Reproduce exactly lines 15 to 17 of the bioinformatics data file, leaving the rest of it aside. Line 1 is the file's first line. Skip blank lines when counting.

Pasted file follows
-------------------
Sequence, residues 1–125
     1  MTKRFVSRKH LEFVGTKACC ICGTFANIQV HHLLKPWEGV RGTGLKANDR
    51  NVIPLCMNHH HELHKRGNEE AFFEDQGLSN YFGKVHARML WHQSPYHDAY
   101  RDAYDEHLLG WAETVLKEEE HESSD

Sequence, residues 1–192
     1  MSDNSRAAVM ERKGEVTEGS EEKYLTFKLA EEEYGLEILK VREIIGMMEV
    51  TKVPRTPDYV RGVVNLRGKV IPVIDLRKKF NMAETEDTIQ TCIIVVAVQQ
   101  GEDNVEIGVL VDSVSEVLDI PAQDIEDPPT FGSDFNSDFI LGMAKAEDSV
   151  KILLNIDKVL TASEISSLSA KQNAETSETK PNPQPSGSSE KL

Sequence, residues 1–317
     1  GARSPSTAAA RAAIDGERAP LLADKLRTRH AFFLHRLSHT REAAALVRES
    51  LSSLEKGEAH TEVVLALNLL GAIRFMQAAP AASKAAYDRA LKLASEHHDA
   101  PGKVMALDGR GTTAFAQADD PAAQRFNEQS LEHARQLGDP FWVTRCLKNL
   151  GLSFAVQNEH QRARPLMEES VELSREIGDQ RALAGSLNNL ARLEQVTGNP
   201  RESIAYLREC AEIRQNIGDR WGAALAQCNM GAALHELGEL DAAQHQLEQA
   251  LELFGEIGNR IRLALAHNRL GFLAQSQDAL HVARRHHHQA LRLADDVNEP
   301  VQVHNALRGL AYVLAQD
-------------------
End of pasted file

   201  RESIAYLREC AEIRQNIGDR WGAALAQCNM GAALHELGEL DAAQHQLEQA
   251  LELFGEIGNR IRLALAHNRL GFLAQSQDAL HVARRHHHQA LRLADDVNEP
   301  VQVHNALRGL AYVLAQD